On the way to a button post . . .

October 3, 2011

“O suns and skies and clouds of June
And flowers of June together . . .
Ye cannot rival for one hour
October’s bright blue weather!”

(thanks to Helen Hunt Jackson    1830-1885)

My fourth grade class memorized that poem–(thank you,
Miss Walker).  I like to trot out that verse every October to
anyone who will listen.

I don’t have a button post quite organized in my mind yet, so
I thought I’d give you a post showing the graphics on old
snap fastener packaging.

(Wait for applause . . .)

Cheer up—at least there will be pictures.

The first one is from “Boye”—clever cards shaped like trousers:

And the reverse has advertising—using every space
—-see how diligently the woman checks the smoothness
of the crochet hook—with a magnifying glass!

Next photo belongs to Woolco—that’s not an alien in
the center photo–it’s explaining a gimmick to line up
the snaps when you’re sewing them.  Neat graphics.

Wilsnap is nice an easy–Snap! it stays.

I’m fond of the next one, though it’s NOT my favorite.
That’s coming up soon . . .  But the company “SO-E-Z,”
get it?   So Easy, or maybe Sew Easy.  Got to love the
turtle.  Which one’s your favorite so far?

Below “Her Majesty”, with French proverbs on the
trademark emblem.   “Honi soit qui mal y pense”–which
is the motto of the Order of the Garter.  “Evil to him
who evil thinks”.  ( Kind of heavy for a sewing basket.)

Still, the kangaroo is cheery.  And they were so busy
printing out the French motto, that they forgot to
advertise on the back.

Easy one next-

OK, here it is—my favorite!  Koh-i-noor-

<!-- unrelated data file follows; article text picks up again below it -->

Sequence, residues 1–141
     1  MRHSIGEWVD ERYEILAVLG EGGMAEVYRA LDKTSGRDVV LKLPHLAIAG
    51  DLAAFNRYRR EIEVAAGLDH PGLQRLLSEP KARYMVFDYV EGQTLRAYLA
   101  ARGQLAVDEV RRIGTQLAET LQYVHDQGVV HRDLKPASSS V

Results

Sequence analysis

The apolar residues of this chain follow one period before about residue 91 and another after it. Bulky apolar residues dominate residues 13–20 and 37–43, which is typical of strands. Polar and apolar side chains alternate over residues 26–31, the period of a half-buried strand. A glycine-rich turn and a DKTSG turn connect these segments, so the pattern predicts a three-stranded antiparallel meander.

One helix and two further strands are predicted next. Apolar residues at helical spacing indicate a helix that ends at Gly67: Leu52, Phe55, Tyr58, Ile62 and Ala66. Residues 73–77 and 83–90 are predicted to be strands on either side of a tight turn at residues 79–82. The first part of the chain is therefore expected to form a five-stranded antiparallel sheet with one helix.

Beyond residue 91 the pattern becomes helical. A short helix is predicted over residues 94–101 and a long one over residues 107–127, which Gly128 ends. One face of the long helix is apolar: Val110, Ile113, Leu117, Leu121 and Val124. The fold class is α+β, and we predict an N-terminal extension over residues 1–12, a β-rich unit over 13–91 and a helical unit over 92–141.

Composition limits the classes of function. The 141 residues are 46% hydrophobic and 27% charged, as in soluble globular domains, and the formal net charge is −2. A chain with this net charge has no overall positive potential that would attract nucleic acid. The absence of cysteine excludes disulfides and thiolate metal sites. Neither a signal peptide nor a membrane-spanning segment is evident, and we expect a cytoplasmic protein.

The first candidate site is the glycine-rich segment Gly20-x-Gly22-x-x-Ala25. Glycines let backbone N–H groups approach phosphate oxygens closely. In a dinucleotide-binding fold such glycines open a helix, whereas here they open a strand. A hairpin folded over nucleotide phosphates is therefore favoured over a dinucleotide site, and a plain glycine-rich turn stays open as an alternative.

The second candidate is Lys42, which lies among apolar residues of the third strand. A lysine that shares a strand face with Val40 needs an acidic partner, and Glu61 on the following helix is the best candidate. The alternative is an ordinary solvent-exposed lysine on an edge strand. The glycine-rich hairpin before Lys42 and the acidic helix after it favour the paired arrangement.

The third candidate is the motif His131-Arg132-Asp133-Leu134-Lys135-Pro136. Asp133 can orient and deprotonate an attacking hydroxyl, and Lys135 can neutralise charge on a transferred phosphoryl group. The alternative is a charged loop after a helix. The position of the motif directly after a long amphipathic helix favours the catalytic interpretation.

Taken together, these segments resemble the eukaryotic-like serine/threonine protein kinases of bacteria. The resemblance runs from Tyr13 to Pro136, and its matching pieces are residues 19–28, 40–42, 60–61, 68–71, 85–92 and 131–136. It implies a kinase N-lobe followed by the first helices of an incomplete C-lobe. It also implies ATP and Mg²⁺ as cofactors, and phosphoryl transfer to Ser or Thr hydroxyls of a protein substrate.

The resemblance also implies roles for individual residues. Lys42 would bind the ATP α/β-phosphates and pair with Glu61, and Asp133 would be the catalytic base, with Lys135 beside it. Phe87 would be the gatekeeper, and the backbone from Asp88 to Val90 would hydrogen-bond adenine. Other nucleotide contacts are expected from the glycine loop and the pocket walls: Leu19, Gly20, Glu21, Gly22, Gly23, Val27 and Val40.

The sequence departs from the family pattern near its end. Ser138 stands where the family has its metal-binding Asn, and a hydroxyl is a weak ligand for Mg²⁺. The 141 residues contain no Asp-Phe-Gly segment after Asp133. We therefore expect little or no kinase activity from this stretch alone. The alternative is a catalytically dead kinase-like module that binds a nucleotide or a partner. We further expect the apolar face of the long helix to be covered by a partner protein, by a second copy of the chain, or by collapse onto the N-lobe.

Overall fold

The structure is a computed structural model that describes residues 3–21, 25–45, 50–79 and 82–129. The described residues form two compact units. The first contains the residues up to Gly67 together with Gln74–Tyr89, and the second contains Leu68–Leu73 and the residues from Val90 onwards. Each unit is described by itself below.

“Good bye old Hook & Eye”

Can you see it?  Can you see her wink?  It’s a snap!
How cute is that?  Do you still like the turtle better?

Here’s a boxful that you could buy in the old days:

And when I opened it I found two old black glass
buttons!  So it IS a button post!

Boring old bags of snaps to buy in bulk these days:

Will start finishing up (in case I still have a reader),
with 4 packs from the 40’s and 60’s:    (priced 10 cents
to 60 cents)

And a modern group priced from 65 cents to
ones I bought recently for $2.29.  Oh, for the
good old days when snaps were 10 cents.

Thus! The History of Packaging of Snap Fasteners!

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4 Responses to On the way to a button post . . .

  1. booksilver says:

    Wonderful post!

    My favorite is Corona (why all the regal names, I wonder: did Kings and Queens use a lot of snaps for their ermine?!). I like the — — — magnetic — — — lines around the snap. I’d be a little leery of wearing those snaps for fear that their “magnetic spring” would attract loose paper clips, etc. to my shirt every time I bent over the desk.

    I also like the “mosaic” effect of the first WIlco packet. It reminds me of all the subway stations that use those mosaic tiles. Maybe they were from the same era. Do you have any sense of the dates of some of those early cards?

    The later ones are clearly just quotidian in comparison with the nice early ones. Alas! our romance with snaps is over.

    • The early cards might date to the 1920’s or so I’d guess.
      Love the image of the paper clips flying through the air toward you at your desk! Might
      not be good at airport screening areas either!

  2. Caty says:

    I must admit, I liked the turtle one the best!

  3. Scott says:

    Me, too. Great run of historical fasteners. Thanx.

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